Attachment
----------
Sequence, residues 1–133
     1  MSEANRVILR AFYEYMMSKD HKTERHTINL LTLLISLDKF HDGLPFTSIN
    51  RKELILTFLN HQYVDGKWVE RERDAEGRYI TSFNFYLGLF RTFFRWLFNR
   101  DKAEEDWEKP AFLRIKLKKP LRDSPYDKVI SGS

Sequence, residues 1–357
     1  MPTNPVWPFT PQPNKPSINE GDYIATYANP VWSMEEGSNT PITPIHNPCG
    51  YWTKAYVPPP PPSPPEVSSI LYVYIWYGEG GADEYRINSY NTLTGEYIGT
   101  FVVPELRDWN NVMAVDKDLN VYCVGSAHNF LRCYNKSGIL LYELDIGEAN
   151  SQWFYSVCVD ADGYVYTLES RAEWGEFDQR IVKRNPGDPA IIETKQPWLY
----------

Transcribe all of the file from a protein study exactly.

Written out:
Sequence, residues 1–133
     1  MSEANRVILR AFYEYMMSKD HKTERHTINL LTLLISLDKF HDGLPFTSIN
    51  RKELILTFLN HQYVDGKWVE RERDAEGRYI TSFNFYLGLF RTFFRWLFNR
   101  DKAEEDWEKP AFLRIKLKKP LRDSPYDKVI SGS

Sequence, residues 1–357
     1  MPTNPVWPFT PQPNKPSINE GDYIATYANP VWSMEEGSNT PITPIHNPCG
    51  YWTKAYVPPP PPSPPEVSSI LYVYIWYGEG GADEYRINSY NTLTGEYIGT
   101  FVVPELRDWN NVMAVDKDLN VYCVGSAHNF LRCYNKSGIL LYELDIGEAN
   151  SQWFYSVCVD ADGYVYTLES RAEWGEFDQR IVKRNPGDPA IIETKQPWLY